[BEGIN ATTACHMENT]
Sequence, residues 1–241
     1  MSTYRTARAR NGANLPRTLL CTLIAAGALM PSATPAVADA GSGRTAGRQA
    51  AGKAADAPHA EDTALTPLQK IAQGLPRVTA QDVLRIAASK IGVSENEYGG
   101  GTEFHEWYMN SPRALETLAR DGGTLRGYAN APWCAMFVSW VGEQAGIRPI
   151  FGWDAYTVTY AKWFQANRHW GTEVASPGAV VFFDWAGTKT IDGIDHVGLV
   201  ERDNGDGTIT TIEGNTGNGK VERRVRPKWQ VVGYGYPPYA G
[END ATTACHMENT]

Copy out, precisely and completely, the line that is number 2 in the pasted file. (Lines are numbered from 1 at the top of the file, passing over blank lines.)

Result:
     1  MSTYRTARAR NGANLPRTLL CTLIAAGALM PSATPAVADA GSGRTAGRQA